At some point someone somewhere decided that the only colors of ink that are acceptably professional* are blue and black. Red is occasionally acceptable in some contexts- like accounts receivable, editing, and other jobs where a mark must be immediately recognizable. I’ve read a myriad of reasons why blue and black are the acceptable professional colors from photocopy-ability to price to general opinion. Sadly, the general opinion seems to be that black and blue ink are professional and others are not.
My workplace is one which states somewhere that we can only use black and blue ink on any official document. This translates to using blue or black ink only, as everything I fill out becomes part of the official file and the only thing that can be tossed are occasional notes to myself and scratch paper. Honestly as much as I’d like to whip out a pen loaded with Diamine Chocolat to take notes while I’m on the phone it doesn’t make a whole lot of sense to cart around a fountain pen loaded with ink just for scrap notes, not to mention that the Diamine Chocolate would feather and bleed on all the paper in the building, so I”d then have to bring in a notepad just for that pen. It just doesn’t make sense.
I set out to find some blue and blue-black inks that are professional and worked on the fibery, rough, absorbent paper in my office.
1 Zebra Sarasa Indigo/Navy
Depending on where you purchase your Sarasa pens this pen will be labeled either indigo or navy. I like Indigo better so I’ll use that throughout the review. This pen is a deep dark purple tinged blue black. It’s warm and a really nice dark shade of blue. The bonus is that the Sarasa refill flows well, is smooth, and works from the moment you peel off the little waxy ball to the moment the ink is gone. The gel ink also works well on the cheap office paper. I’ve bought a bunch of these.
2 Zebra Sarasa Cobalt/Blue Gray/ Slate Blue
Zebra really needs to work on their naming conventions and stick to the same name across the brand or even within the same line. The standard Sarasa in this color is officially named Cobalt. Which is hilarious because it doesn’t even come close to looking like cobalt in any way shape or form. Their standard blue should be named cobalt. This shade of blue is more of a dusky gray blue, which is what it is called in the “vintage” series of Sarasa Clip pens. I just call it Slate Blue which is what I call all blue gray ink pens. So from here on out this is Slate Blue.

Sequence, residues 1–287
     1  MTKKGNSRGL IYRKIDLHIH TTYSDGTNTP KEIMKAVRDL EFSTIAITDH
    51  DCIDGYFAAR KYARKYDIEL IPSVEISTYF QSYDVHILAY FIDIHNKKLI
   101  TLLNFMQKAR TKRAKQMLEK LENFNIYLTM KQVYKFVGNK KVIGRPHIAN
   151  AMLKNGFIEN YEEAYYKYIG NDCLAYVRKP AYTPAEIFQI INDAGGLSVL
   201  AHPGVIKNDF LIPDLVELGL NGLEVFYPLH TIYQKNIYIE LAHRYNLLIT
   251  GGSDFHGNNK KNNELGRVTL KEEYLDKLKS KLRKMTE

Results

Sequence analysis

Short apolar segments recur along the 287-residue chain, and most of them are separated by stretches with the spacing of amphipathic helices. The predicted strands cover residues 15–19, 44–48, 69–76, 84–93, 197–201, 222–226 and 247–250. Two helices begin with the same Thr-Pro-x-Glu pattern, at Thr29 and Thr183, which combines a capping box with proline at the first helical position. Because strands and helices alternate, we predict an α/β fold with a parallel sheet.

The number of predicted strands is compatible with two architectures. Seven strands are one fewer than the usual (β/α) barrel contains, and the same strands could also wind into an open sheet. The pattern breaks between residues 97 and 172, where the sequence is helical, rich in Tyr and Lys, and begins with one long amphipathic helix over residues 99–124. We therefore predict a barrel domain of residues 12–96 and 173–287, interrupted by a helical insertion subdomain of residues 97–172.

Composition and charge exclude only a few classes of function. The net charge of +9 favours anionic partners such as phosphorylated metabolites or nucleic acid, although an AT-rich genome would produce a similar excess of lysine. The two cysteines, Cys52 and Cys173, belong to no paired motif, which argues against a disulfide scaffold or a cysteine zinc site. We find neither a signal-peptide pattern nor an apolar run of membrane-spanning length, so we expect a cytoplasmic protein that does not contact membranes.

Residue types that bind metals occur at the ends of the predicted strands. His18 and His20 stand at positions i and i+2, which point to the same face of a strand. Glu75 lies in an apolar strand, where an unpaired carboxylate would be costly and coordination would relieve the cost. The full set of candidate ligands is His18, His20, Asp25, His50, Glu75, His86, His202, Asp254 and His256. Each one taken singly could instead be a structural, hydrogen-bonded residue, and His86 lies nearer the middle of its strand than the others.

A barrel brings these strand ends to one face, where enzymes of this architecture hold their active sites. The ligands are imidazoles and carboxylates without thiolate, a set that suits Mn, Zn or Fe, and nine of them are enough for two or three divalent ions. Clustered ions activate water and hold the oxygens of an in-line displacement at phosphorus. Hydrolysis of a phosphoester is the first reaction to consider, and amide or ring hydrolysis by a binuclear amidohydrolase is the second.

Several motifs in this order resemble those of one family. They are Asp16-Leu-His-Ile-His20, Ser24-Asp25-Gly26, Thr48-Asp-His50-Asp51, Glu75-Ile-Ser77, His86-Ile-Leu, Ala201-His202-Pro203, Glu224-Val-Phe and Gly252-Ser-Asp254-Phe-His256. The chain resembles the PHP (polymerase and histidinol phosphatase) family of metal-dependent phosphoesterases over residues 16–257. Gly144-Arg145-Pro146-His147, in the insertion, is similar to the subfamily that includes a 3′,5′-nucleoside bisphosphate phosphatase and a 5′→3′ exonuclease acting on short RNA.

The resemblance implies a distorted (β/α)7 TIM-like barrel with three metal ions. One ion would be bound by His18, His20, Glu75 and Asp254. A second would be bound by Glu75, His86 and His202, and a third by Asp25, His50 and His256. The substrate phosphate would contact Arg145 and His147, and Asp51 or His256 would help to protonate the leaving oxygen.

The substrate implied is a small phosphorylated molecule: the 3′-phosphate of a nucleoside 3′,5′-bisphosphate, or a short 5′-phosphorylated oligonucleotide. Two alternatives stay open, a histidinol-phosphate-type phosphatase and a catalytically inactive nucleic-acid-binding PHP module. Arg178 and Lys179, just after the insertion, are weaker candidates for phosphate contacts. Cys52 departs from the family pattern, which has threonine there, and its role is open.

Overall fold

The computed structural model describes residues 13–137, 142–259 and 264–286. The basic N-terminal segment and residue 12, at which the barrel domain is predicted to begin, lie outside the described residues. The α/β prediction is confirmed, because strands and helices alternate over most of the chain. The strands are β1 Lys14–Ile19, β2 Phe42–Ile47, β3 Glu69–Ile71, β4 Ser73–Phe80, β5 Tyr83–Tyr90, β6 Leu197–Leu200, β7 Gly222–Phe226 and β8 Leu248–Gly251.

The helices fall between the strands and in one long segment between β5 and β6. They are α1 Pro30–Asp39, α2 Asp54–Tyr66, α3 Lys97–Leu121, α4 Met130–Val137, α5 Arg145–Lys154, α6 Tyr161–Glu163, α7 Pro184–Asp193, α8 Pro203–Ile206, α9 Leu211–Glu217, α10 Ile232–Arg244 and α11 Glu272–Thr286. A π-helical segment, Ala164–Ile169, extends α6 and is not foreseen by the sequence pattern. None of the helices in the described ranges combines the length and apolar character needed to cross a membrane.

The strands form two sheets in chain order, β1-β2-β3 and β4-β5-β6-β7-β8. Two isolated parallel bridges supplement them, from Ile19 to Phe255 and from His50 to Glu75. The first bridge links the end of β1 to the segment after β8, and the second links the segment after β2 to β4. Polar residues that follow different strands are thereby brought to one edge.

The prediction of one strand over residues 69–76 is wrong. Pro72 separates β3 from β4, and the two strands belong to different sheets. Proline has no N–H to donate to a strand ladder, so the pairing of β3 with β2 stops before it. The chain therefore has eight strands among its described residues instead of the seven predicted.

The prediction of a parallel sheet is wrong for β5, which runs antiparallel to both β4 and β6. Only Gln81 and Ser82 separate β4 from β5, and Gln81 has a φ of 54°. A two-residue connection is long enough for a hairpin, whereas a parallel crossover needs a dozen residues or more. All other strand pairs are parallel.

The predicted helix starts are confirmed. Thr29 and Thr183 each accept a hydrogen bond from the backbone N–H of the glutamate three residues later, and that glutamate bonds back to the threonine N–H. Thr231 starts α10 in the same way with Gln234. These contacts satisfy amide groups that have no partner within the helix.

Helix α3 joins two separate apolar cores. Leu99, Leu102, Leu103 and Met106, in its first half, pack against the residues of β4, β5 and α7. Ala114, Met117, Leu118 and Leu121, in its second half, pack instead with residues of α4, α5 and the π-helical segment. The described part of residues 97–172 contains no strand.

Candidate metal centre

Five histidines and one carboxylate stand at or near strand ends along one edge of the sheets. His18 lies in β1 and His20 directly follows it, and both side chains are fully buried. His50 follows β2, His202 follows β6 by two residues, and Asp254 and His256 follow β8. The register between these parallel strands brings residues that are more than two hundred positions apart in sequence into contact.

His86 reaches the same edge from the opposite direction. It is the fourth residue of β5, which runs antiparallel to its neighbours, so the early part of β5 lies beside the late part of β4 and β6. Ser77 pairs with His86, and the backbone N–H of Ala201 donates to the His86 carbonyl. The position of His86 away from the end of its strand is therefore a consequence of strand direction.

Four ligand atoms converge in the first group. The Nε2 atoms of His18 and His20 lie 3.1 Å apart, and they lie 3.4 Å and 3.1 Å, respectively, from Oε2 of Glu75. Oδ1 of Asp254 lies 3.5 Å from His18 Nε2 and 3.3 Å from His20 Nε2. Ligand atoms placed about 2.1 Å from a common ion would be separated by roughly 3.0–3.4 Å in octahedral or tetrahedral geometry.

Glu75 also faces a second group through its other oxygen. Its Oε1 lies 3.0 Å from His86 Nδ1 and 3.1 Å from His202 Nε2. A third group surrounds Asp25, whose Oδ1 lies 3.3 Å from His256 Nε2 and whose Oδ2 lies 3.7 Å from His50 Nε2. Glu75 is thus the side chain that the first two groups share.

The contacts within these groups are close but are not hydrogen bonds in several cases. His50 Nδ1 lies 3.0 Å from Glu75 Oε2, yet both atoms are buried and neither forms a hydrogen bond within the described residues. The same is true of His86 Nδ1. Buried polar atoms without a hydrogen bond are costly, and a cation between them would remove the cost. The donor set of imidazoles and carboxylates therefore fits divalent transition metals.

Slate blue is very sedate. You’d think that because it is gray tinged that it would be pale or faded looking, it has a good balance of blue to gray and stands out quite well on the page. In some lights this pen has a hint of green to it, but in most it just looks blue. This pen has occasional issues with the fax or photocopier. It is still legible but all the copies I’ve made of forms filled out with this ink are faded.
3 Paperhate Inkjoy Slate Blue
This is another deep dark blue. There is a hint of teal or green in some lights but I’ve not had any complaints about this color. I suspect that because unless you are looking at it next to other shades of blue it just looks like dark blue or an attempt at blue-black. I’m not going to gush about the Inkjoy, go read this if you want to read all about the wonder of the Inkjoy.
4 Zebra Sarasa Blue
This blue is bright, vibrant, and stands out on the page. It leans toward the warm purpley side of blue. Honestly, I’m not a fan of this shade. It reminds me of Noodler’s Bay State Blue in intensity and color. Maybe a shade or two darker, but it’s got that sort of pop on the page. It would kill or stain your pen though, so bonus?
5 Pentel Energel Blue
A good standard shade of blue. It photocopies well and is visible on all forms I’ve used it on. Boring but decent blue.
6 Pilot G2 Blue
I list this because the G2 performs really well on all forms of cheap paper. It’s a nice standard blue too. Boring, but it’s blue.